Finishing up with the app, there are a number of nice little features which I hardly used but I could see a use for. For example, the “Anti Lost” (translations issues..) notification will chirp when you move too far away from your Bluetooth tethered device. Furthermore, the ability to control Music playback on the device, a rather strange “Camera” button emulation mode, as well as alarms, hydration alerts and sleep preference settings are all welcome additions.
Using the built in heart rate monitor was simple enough and can be engaged via the app or by the unit itself by toggling through the modes to the heart rate section. A long press on the device button kicks off the measurement. Rather frustratingly however there is no “exercise” mode that sets a heart rate reading frequency; it’s an entirely manual process. This was certainly a downside to my use case whnn at the gym which is sadly relatively infrequently, so I’m sure this would be a bigger issue for those who go more often. These heart rate readings, along with sleep tracking and exercise/steps are all stored within the app and can be recalled. Other than historical visibility the only other reason for storing them is to ascertain how close to your stated goals you are – these are setup in-app also.
Then we have the usual smartwatch features you’d expect, such as notifications. Here’s where the unit is slightly let down. Whilst WhatsApp notifications, SMS and Phone calls all come through, there is little to no data attributed to them. Additionally during my couple of weeks with the device, any incoming calls would start to vibrate on my wrist long after I’d picked up the call. Additionally, following me hanging up I’d get a very strange notification to the unit which related to nothing going on on my phone. WhatsApp messages are signified by a brief vibration and the word “WhatsApp” – not incredibly useful.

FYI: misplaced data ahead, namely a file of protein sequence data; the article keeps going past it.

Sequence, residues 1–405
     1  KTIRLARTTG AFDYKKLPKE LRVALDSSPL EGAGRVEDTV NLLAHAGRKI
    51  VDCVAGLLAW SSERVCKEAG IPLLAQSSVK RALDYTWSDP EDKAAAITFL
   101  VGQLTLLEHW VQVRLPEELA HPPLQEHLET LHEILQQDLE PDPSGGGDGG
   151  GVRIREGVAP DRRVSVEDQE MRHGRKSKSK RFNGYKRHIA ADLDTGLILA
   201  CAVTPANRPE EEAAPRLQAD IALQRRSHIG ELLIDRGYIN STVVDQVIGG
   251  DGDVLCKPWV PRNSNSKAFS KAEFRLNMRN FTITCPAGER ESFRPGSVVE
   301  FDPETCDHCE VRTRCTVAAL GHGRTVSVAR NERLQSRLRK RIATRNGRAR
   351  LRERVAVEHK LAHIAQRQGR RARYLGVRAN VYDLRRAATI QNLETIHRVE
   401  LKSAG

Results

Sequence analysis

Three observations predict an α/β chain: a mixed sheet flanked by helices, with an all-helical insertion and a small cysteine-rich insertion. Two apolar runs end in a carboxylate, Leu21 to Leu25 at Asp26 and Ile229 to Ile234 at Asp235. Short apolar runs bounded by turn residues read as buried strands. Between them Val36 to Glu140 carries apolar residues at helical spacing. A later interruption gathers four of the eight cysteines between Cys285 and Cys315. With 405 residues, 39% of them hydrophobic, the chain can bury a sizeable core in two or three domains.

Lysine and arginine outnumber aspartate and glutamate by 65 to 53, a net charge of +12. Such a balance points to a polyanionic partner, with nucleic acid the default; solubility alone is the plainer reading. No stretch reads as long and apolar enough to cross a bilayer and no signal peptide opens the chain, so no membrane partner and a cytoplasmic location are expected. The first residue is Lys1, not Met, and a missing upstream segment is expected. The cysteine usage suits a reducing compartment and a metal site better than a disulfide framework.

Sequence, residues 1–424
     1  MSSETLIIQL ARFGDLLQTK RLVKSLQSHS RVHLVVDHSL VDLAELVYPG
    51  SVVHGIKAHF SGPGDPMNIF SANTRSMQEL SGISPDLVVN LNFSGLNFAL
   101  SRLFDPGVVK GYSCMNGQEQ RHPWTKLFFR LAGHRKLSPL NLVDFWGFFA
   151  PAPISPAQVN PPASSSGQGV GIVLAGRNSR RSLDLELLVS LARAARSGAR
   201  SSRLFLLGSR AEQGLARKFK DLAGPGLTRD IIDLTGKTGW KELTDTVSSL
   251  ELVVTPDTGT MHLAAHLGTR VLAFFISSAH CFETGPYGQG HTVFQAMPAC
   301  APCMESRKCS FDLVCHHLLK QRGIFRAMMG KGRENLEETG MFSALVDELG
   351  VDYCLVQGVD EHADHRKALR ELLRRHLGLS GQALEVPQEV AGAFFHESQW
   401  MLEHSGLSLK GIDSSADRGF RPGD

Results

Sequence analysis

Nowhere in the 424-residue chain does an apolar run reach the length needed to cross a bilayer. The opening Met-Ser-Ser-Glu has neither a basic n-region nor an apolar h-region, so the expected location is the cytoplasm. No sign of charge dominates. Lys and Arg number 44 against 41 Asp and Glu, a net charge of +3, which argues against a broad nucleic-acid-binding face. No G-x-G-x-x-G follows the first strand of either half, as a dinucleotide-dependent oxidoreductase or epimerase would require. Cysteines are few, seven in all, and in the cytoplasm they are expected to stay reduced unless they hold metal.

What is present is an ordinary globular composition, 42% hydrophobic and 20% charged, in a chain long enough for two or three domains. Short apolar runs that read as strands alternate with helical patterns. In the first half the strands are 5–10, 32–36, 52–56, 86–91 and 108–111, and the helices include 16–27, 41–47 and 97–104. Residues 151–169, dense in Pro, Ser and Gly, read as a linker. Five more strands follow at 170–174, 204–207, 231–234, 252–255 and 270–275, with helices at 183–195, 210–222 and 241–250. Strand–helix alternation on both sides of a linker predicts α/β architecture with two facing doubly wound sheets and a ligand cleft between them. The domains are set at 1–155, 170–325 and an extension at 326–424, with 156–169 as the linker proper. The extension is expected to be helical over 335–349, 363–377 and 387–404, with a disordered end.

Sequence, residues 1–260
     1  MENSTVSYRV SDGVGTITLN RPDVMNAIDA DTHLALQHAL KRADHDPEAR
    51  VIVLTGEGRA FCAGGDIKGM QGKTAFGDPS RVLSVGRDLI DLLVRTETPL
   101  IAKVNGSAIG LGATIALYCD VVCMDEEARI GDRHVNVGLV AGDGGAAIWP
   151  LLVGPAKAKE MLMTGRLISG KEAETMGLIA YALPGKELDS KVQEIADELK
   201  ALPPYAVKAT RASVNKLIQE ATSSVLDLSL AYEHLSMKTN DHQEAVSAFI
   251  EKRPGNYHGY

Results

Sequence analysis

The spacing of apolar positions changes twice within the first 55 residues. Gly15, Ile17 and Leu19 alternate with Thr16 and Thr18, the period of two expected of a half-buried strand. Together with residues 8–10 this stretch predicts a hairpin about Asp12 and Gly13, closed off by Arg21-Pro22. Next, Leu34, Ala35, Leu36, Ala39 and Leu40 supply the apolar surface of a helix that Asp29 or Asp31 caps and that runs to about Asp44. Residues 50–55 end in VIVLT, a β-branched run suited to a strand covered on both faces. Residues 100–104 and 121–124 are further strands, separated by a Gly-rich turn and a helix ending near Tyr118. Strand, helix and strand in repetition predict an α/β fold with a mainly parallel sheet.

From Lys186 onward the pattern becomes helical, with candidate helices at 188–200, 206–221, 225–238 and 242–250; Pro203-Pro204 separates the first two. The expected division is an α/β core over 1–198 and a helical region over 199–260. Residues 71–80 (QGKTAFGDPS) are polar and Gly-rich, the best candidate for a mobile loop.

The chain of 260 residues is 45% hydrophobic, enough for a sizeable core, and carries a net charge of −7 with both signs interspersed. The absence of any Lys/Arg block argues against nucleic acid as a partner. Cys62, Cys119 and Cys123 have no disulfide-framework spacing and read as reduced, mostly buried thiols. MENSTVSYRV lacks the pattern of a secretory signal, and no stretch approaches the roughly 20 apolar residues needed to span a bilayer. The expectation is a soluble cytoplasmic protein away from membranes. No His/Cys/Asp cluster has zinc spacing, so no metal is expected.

Another corner being cut here is the charging mechanism. As I mentioned in the overview, the unit’s charging is a spring clamp which attaches to the charging pins at the base of the device. No charging ports are evident in order to ensure that IPX7 rating, however a slightly more aesthetically pleasing charging unit or more subtle mechanism would be welcome. It gets the job done though.
Speaking of the battery, the MGCool Band 2 sports an 80mAh battery. I’ve been using this device since around the 10th of January. That is, to date, 19 days and the battery is still going strong. The in-app battery notification shows 38% which is a hell of a lot more than the stated 21 days potential. Excellent battery life so far!
Conclusion – MGCool Band 2
The MGCool Band 2 is a strange one. On one hand, it’s less than £20, has goal setting, heart rate monitoring, sleep tracking and can deliver basic notifications with excellent battery life. On the other hand it doesn’t do all of those things well, or especially brilliantly.
I’ve used the Xiaomi Mi Band (Pulse and original) previously and I prefer the feel and the loo of this unit, but the functionality of Xiaomi’s offering.
For £16.00, I don’t think you can go wrong, but you just need to know what you’re buying. You’re buying into a potentially short lived product in terms of support, with basic functionality and rudimentary smartwatch notifications. If you’re looking for that or happy to accept it, then it’s a bargain. If you want an altimeter, GPS tracking, and constant heart rate monitoring, well this unit has none of that so look elsewhere.
It’s certainly a product worthy of note simply due to the price point.
For more MGCool goodness, check out their links: